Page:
Govt will bring in amendment to define 'consultation'
Noting that it is a very important bill, the minister said it "requires discussion with various stakeholders who are concerned about it. It is required to be discussed with all eminent persons.
The government today said it will bring in an amendment to the Constitution to define 'consultation' after discussing with various stakeholders, especially in view of the issue cropping up during the process of appointment of judges.
Minister of State for Law and Justice P P Chaudhary assured TMC leader Sukhendu Sekhar Ray -- who on February 2, 2018 had introduced the private member bill to amend Article 366 of the Constitution to define the word 'consultation' -- that the matter will be taken up at an appropriate time.
The word 'consultation' could not be defined under Article 366 when the Constitution was enacted and therefore there are many judicial pronouncements, he said.
However, consultation has been provided for appointment of judges of high court and the Supreme Court and even for transfer of judges and appointment of additional judges under Articles 124, 217 and 270, he said.
"Thereafter we can come with a particular legislation. At this stage, I request my learned member to withdraw the bill. I assure him certainly at appropriate time, we will discuss with various stakeholders and thereafter we will come to a particular opinion and come with a legislation."
A wider consultation is required on the matter in the backdrop of the apex court observing that "there was a need to revisit the collegium system for selection of judges for higher judiciary," he added.
The word 'consultation' has been used in different articles of the Constitution.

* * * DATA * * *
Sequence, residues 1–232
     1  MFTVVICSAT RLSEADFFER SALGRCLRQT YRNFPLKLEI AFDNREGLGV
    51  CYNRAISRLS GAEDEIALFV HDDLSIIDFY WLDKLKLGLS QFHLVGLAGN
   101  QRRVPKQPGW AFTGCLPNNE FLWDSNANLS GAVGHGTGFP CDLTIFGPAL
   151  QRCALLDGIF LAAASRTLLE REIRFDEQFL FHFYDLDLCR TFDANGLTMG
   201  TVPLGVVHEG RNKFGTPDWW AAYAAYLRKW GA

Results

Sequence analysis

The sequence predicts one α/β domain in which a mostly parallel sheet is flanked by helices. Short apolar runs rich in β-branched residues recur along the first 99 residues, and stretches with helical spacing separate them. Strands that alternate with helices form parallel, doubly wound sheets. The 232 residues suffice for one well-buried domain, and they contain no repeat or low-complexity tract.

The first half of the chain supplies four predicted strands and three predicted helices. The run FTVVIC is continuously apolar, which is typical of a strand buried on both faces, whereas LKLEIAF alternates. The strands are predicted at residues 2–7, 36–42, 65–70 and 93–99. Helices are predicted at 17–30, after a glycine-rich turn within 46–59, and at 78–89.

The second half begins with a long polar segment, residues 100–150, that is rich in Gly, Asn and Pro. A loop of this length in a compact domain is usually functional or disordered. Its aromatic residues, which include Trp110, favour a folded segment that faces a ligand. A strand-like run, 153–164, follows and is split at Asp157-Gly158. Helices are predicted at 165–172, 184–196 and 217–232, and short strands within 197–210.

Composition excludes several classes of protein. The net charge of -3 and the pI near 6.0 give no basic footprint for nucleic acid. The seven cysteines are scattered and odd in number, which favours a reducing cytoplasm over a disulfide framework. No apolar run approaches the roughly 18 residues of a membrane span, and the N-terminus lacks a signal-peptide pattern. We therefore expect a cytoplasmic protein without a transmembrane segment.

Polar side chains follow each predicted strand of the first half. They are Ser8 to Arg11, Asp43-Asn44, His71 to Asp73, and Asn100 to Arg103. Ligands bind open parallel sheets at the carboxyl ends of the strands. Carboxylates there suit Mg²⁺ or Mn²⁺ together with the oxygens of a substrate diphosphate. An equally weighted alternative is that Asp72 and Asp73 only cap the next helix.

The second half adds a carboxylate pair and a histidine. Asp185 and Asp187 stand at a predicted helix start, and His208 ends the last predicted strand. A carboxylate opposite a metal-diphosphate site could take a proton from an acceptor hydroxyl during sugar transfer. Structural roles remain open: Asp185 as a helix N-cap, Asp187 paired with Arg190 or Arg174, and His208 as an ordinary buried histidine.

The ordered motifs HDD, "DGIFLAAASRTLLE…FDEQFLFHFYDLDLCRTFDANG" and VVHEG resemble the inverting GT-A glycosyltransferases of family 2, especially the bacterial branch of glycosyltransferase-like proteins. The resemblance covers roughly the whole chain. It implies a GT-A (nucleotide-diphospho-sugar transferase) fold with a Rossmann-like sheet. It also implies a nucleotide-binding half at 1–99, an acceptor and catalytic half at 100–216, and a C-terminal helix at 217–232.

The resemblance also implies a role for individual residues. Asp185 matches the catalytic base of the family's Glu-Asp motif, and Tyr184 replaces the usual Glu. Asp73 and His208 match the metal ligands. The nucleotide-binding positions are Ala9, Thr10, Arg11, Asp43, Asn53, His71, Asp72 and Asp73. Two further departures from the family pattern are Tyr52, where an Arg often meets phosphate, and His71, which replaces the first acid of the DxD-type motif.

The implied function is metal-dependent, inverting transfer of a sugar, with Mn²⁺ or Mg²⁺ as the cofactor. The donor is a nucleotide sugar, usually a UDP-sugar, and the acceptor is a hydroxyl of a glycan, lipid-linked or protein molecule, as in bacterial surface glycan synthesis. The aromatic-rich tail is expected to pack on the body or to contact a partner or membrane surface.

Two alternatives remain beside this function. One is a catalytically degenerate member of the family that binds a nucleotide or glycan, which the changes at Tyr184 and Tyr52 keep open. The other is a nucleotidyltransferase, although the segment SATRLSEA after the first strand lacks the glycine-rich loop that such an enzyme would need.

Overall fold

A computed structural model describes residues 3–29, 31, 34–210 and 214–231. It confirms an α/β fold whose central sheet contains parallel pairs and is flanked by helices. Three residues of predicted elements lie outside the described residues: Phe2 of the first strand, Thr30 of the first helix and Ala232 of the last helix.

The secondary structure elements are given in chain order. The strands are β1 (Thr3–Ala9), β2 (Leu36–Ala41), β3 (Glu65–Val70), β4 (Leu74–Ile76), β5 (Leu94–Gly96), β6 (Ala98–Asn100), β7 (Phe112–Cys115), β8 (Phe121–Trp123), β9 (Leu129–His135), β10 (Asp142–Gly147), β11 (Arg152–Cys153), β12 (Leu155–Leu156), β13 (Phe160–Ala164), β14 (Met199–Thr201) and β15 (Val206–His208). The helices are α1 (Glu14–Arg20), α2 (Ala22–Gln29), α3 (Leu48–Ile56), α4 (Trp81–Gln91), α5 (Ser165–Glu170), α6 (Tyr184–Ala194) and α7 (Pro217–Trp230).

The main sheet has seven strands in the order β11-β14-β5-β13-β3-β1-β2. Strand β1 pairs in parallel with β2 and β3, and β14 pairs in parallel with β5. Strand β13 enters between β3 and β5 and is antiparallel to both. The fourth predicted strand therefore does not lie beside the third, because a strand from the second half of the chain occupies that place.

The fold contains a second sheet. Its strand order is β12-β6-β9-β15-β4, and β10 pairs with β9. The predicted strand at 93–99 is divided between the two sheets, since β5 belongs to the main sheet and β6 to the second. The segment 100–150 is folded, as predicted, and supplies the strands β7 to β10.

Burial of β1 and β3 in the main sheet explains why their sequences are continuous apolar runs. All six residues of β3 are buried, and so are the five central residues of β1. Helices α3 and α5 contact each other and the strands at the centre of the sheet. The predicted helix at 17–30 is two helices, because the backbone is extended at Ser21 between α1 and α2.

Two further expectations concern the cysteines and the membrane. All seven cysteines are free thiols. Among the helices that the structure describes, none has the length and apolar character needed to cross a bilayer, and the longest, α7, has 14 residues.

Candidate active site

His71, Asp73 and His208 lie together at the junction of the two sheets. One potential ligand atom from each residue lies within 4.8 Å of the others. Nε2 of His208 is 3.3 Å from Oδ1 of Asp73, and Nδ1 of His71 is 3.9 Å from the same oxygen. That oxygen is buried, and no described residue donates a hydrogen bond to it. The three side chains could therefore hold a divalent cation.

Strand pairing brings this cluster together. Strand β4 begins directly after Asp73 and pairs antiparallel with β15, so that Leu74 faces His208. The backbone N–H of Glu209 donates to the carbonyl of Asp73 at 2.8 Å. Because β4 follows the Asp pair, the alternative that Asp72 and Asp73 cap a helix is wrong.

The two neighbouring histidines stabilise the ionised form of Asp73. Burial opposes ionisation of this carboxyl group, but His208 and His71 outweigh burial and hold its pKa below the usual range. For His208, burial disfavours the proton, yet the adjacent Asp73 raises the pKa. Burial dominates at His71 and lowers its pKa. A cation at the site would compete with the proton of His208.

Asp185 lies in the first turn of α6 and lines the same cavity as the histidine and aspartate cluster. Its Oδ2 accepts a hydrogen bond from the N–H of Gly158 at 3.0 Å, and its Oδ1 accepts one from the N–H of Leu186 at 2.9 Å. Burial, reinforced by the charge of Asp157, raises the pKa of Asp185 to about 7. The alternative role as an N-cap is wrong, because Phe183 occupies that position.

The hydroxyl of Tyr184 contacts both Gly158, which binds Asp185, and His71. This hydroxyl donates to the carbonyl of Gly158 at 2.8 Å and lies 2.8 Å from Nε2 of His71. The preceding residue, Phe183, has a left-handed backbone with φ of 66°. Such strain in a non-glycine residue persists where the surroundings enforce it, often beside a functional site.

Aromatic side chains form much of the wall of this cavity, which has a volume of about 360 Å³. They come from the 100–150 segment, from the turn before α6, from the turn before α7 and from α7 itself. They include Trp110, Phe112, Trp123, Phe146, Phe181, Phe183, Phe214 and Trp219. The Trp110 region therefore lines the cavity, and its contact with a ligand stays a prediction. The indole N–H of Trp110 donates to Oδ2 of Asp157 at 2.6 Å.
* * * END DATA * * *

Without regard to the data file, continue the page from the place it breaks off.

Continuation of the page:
"In each and every article, where the word 'consultation' has been used, if that means concurrence, then there may be a stalemate in many areas where the government may not function properly," he said.
He said that it is a serious issue and should be kept alive and discussed before arriving at finality.
Earlier participating in a debate on the bill, D Raja (CPI) said there should be clarity on the world 'consultation' and 'concurrence' as there is "no transparency" in appointments in higher judiciary.
He also expressed concern over lack of representation for women and minorities in judiciary. A "cynical" argument is given that there are no suitable and meritorious candidates. The bill is relevant in order to ensure justice, he added.
Supporting the bill, V Vijayasai Reddy (YSRCR) said the independence of judiciary has to be maintained and the word 'consultation' should be properly defined. He emphasised that there must transparency in the appointment of judges.
Bhupender Yadav of the BJP said the definition of consultation is not defined in the Constitution but it appears in various Articles. "Sometimes the absence of this definition (of consultation) creates ambiguity," Yadav said, supporting the Bill.
(This story has not been edited by Devdiscourse staff and is auto-generated from a syndicated feed.)
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